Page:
Underwater Ambient Noise at a Proposed Tidal Energy Site in Puget Sound

Thesis

Title: Underwater Ambient Noise at a Proposed Tidal Energy Site in Puget Sound
Authors: Bassett, C.
Publication Date:
January 01, 2010
Thesis Type: Master's Thesis
Academic Department: Mechanical Engineering
Pages: 58
Stressor:
Receptor:
Technology Type:

Document Access

Website: External Link

Citation

Bassett, C. (2010). Underwater Ambient Noise at a Proposed Tidal Energy Site in Puget Sound. Master's Thesis, University of Washington.
Abstract: 

Ambient underwater acoustics data are presented for one-year at a potential tidal energy site in Admiralty Inlet, Washington, USA with maximum currents exceeding 3 m/s. The site, at a depth of approximately 60 meters, is located near shipping lanes, a local ferry route, and a transit area for many cetacean species. A key finding is that non-propogating turbulent pressure fluctuations, termed pseudosound, can mask ambient noise, especially in highly energetic environments suitable for tidal energy development. A statistical method identifies periods during which changes in the mode and standard deviation of the one-third octave band sound pressure levels are statistically significant and thus suggestive of pseudosound contamination. For each deployment, recordings with depth averaged tidal currents below this threshold are used in the subsequent ambient noise analysis. Mean total sound pressure levels (0.16-30 kHz) over all recordings are 117 dB re 1μPa.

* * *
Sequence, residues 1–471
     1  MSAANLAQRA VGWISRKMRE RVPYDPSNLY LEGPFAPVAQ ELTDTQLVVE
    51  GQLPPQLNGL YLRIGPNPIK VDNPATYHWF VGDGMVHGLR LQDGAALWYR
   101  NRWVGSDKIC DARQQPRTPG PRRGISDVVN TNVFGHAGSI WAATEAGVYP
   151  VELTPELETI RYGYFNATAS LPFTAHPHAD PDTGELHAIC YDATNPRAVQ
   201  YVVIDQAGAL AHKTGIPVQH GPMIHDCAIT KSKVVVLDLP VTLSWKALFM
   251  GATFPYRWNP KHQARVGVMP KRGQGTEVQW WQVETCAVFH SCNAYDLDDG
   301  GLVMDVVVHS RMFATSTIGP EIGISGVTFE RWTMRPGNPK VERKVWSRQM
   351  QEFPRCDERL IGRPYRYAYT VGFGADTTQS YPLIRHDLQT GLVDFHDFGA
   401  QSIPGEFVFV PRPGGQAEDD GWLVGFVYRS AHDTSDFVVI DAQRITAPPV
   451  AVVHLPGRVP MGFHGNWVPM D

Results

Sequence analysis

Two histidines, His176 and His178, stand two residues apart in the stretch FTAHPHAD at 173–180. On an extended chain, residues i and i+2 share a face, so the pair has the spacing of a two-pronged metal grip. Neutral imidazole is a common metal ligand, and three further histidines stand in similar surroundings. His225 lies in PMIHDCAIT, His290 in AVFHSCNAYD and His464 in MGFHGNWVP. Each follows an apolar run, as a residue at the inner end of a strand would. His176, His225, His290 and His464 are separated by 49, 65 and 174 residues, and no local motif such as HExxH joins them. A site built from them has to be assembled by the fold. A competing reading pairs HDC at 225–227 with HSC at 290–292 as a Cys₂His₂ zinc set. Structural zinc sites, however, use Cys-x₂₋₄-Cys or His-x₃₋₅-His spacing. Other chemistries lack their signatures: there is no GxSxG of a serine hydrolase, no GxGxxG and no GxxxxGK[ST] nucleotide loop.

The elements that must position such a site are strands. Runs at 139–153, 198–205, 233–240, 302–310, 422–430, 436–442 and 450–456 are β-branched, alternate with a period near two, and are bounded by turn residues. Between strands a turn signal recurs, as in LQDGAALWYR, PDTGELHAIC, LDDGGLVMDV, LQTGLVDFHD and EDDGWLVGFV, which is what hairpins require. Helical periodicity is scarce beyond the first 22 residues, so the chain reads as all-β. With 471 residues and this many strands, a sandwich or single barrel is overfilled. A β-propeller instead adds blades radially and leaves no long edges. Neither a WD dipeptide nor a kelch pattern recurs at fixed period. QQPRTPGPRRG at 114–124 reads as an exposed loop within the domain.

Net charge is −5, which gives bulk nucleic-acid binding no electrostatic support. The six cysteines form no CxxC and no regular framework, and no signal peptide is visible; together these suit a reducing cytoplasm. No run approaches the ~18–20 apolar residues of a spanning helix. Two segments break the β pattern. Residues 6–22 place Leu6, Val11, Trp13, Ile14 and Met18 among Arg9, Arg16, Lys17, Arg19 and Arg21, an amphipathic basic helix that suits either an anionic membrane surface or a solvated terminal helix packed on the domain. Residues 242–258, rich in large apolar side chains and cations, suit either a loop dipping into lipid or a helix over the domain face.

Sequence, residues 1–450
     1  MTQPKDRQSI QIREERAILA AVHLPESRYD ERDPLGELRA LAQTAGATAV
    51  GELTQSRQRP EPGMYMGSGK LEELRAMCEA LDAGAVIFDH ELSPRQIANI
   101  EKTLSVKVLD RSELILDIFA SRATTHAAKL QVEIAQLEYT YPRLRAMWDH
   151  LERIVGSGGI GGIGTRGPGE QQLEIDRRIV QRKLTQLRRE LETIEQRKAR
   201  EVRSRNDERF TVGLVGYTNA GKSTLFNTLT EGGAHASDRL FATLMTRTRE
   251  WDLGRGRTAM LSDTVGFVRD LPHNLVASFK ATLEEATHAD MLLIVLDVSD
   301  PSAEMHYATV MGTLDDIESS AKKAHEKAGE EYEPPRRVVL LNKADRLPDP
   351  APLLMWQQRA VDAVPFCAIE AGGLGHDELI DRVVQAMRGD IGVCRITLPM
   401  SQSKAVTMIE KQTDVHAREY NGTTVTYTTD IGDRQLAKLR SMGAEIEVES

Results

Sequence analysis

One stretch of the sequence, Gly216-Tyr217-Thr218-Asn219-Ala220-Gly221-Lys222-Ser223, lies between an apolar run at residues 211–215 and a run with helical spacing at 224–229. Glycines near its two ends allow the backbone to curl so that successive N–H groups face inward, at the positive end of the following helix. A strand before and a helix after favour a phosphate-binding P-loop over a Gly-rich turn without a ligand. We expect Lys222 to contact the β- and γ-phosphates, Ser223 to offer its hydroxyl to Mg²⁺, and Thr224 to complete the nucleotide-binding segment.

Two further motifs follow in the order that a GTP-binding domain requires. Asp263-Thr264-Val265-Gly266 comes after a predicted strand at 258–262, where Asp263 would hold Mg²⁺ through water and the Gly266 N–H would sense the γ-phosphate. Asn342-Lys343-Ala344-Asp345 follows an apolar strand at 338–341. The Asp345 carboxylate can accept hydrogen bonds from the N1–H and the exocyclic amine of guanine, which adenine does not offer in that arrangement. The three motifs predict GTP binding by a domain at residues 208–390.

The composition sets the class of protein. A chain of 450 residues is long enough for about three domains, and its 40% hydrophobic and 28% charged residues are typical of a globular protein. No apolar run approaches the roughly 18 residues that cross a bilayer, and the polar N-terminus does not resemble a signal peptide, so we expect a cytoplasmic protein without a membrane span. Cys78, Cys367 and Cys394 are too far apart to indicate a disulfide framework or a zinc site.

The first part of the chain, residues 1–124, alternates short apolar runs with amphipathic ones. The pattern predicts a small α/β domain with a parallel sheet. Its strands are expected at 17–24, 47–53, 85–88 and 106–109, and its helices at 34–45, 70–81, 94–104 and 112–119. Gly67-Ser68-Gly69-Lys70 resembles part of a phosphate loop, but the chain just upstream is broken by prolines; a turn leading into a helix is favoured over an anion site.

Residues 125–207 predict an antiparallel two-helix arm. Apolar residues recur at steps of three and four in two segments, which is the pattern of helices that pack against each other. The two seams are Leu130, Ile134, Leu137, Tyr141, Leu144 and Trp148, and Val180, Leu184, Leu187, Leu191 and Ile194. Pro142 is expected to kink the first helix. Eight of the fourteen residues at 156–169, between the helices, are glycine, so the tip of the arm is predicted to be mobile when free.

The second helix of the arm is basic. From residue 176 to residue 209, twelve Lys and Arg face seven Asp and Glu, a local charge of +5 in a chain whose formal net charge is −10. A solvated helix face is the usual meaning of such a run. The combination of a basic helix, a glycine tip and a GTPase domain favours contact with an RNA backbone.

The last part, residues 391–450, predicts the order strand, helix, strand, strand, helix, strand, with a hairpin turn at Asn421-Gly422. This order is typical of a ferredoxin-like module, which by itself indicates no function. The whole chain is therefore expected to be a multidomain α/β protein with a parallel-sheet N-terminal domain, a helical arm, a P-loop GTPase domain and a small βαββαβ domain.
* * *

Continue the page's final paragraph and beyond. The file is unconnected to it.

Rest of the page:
Commercial shipping and ferry vessel traffic are found to be the most significant contributor to ambient noise levels at the site, with secondary contributions from rain, wind, and marine mammal vocalizations. Post-processed data from an AIS (Automatic Identification System) receiver is used to determine the location of ships during each recording. Referencing 368 individual recordings with the distance between the ferry and the site obtained from AIS data, the source level of the ferry is estimated to be 179 ± 4 dB re 1μPa at 1m with a logarithmic spreading loss coefficient of 18.

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